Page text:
The lessons I learned from being in that band were these…If you aren’t ready to work hard, forget it. If you don’t have a hit song, forget it. If you go to bed at night thinking that you practiced enough, forget it. If you play your music for people and they don’t go nuts, forget it. If you have to hand out a pamphlet with your cd explaining why the sitar part zooms across the stereo mix, forget it. If you think that being a recalcitrant asshole makes you “special”, forget it. And if you spew your courage all over your shoes at the first sign of pressure…really forget it. None of these things will necessarily prevent you from being a great musician. But any one of these “Ifs” can throw a wrench into the prospect of being commercially successful.

There is one more point I want to make about the last part of the posted question,

“Maybe the better question would be: What are believers looking for when they invest in a band?”

This may not be directly related to the question, but it’s an observation nonetheless. I’ve noticed two distinct approaches in developing artist/believer relationships within the Sellaband community. There is the artist who arrives as a dinner guest with flowers for the lady of the house, a nice bottle of wine or perhaps a special dessert…and asks what else he can do as he clears the dishes from the table. And then there is the artist who arrives late, complains that the broccoli is overcooked, takes a piece of cake to go, then walks off with half the silverware.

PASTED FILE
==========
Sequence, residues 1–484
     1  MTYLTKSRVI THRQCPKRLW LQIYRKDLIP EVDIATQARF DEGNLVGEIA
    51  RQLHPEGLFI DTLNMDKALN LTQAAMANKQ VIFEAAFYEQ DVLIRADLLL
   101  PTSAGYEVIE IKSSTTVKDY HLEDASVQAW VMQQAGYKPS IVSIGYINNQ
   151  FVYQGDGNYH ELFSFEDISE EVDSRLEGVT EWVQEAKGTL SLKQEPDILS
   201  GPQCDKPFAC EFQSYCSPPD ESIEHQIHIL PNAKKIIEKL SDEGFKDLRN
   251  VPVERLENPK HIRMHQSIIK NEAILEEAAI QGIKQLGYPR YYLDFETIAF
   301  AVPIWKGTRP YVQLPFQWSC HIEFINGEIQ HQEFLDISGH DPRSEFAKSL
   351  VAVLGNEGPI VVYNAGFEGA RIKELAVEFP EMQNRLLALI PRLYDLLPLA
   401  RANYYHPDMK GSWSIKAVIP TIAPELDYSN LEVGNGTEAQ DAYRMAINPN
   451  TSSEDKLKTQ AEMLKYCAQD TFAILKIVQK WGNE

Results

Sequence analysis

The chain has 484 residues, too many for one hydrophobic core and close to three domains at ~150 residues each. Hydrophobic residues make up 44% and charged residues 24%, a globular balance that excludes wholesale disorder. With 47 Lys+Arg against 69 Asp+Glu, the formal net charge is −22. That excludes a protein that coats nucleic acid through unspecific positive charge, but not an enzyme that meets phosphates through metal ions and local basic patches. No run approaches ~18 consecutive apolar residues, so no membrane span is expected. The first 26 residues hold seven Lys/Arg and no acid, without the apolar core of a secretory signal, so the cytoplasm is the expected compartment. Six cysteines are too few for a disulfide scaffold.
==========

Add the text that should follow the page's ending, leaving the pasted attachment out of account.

To be successful in the business of selling, and in music it is yourself that is for sale, people have to like what they are buying. Nobody purposely pays for something they don’t want. The more successful artists on Sellaband are those that bring something to the table…something more than just the music. It is a mistake to come to Sellaband empty-handed and expect financial support from the existing financial base. For the system itself to be viable, artists must bring along a “primer coat” of belief. Otherwise the current believers will be counting the forks and spoons.

So…I guess the secret is out…nothing up my sleeves! Here’s wishing Lush Progress all the success that hard work can bring.